KANSAS CITY - It’s never easy to say goodbye. To teammates, coaches and especially a season.
Players hugged each other in the Orioles clubhouse following a 2-1 loss in Game 4 that completed the Royals’ sweep of the American League Championship Series. Pitching coach Dave Wallace made sure to approach everyone on his staff, shaking hands and embracing guys who needed it. Executive vice president Dan Duquette also worked the room, approaching every player at his locker.
Manager Buck Showalter’s eyes were moist as he sat down in the interview room after speaking to his team. Later, Royals manager Ned Yost stopped inside the clubhouse and shook his hand.
How long does it take for the disappointment to fade and allow him to sit back and appreciate how much the Orioles achieved in 2014?
“I don’t know. I’ll let you know when it fades. What do you think? I don’t know,” Showalter said.
“It’s disappointing and frustrating. Not frustrating, but disappointing for our guys and our fans. It’s not like something we didn’t do. It was more of what they did. And it wasn’t like somebody wanted it more than somebody else.
“It’s just, you saw how close the games were. And it’s more a testament of what they did. They were playing great defensively. I congratulate them. Ned did a great job, and the whole organization. They get a chance to represent the American League in the World Series and we wish them well. But through it, we got some good things done. We reminded the country what a great baseball city and city in general Baltimore is. I feel good about that. Some people kind of know our secret, so to speak. So there’s a lot of positive things there. But it’s kind of shallow.
“There’s so many things that during the year, it’s just an unspoken word, a look at each other. There’s a real respect for each other. And like I just told them, the game’s not always fair. Someone’s going to be extremely disappointed. It’s our guys. When you put that much time and effort into something, then it’s done, so close...”
The Orioles lost four games by a total of six runs, which has to intensify the hurt.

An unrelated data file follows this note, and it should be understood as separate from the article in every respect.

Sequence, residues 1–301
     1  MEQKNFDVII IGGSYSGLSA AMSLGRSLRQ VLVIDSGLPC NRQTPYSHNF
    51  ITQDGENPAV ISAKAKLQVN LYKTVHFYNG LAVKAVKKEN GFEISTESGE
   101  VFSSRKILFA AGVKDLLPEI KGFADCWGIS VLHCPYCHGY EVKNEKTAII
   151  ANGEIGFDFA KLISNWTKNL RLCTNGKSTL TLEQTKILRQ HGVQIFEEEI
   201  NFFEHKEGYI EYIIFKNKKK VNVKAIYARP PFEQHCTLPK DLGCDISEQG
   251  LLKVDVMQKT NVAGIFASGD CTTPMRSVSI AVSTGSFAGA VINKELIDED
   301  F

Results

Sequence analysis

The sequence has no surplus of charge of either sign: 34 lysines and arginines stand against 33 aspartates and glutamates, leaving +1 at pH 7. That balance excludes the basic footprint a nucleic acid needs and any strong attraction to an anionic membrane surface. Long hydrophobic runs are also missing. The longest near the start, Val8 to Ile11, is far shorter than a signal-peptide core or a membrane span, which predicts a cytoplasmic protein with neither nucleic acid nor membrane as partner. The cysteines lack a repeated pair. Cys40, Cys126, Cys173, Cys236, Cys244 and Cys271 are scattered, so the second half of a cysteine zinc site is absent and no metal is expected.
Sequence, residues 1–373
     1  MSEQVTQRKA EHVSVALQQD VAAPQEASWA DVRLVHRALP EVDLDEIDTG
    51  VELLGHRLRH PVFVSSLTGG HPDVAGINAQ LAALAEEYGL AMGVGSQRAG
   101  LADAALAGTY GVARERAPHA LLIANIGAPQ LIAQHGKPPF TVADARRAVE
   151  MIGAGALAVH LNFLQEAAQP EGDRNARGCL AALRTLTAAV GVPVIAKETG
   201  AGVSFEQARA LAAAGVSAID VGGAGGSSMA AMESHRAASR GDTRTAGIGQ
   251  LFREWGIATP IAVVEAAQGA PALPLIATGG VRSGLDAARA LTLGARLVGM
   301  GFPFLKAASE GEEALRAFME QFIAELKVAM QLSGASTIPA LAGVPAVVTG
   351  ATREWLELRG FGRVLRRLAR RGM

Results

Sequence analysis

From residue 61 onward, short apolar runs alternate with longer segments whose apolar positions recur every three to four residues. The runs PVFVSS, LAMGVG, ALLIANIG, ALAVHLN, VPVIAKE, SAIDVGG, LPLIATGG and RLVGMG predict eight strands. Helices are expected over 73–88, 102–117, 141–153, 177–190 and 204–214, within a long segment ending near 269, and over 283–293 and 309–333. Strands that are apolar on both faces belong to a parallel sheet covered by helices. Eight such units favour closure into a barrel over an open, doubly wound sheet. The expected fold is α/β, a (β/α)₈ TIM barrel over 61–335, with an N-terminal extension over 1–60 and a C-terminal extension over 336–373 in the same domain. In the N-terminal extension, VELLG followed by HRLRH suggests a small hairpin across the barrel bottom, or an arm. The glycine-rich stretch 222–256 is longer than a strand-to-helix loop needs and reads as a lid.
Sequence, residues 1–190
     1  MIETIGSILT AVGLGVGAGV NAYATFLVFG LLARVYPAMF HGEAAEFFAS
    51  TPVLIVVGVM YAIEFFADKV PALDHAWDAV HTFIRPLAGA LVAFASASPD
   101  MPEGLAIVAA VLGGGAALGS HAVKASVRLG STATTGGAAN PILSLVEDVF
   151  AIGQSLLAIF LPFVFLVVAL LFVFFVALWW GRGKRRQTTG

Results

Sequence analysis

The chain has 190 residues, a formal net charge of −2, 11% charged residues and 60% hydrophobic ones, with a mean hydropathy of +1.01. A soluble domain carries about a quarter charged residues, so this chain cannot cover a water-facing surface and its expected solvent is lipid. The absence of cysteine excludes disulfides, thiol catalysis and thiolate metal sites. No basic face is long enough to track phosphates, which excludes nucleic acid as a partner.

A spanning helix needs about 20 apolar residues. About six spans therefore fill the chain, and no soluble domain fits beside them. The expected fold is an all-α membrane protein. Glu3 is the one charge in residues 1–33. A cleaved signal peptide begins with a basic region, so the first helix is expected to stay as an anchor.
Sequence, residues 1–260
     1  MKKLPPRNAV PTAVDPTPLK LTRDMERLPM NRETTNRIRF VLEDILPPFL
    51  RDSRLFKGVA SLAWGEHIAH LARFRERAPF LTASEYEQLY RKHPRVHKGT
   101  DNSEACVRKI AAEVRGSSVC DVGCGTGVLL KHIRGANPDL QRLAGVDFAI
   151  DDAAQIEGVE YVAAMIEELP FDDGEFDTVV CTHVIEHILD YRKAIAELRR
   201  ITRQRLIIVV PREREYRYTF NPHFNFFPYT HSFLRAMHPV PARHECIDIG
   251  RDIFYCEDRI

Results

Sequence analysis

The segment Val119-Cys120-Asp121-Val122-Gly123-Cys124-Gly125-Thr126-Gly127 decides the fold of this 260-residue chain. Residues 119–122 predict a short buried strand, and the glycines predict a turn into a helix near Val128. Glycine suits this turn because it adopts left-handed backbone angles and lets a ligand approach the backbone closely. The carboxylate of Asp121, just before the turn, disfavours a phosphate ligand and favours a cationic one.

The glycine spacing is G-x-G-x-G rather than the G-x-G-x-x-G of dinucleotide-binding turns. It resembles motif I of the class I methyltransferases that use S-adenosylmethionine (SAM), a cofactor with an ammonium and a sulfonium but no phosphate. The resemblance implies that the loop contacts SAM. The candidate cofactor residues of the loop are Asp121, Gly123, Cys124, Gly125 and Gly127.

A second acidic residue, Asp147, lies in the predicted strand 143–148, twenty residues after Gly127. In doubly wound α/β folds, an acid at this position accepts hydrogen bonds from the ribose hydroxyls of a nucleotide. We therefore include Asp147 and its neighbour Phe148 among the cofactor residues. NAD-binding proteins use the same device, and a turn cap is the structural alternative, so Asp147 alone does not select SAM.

“That’s part of it, but whether it’s one or 100, it still has the same sting. And just like Detroit felt, just like Oakland felt,” Showalter said.
“Like I said, there’s going to be 29 disappointed teams when this season is over. The emotion is there, like you all saw. I didn’t wait around to see (the celebration). I knew what it was going to be for them, to accomplish, a team, a city, a group of fans and an organization’s hopes. It’s just a testament to what a group of young men can do when everybody is pulling on the same rope. But my support and my love of our guys is unconditional. They didn’t have to win a World Series for me to feel differently about them.”
Showalter won his first series, reaching his first ALCS, but his thoughts today weren’t centered on himself.
“I’m not saying this because supposedly it’s the right thing to say. My emotion is for the players and the organization and the fans, because I keep thinking about something I or we could have done differently. That’s what you think about,” Showalter said.
“If you care like our people care, it hurts, and that’s why I know how much it hurts those guys and our fans. They’ve been there through thick and thin for us in Baltimore. The support of ownership has been there. Really feel bad about disappointing them and not be able to get over the hump and roll the dice again.
“You see how close the margin is. We pitched so well again today. Just the two runs they scored, they didn’t hit a ball out of the infield. Some of that was self-inflicted. Steve (Pearce) made a good choice because where Caleb (Joseph) has to set up nowadays, it makes it tougher to tag outs.”
Perhaps this experience will make the Orioles a better team in 2015.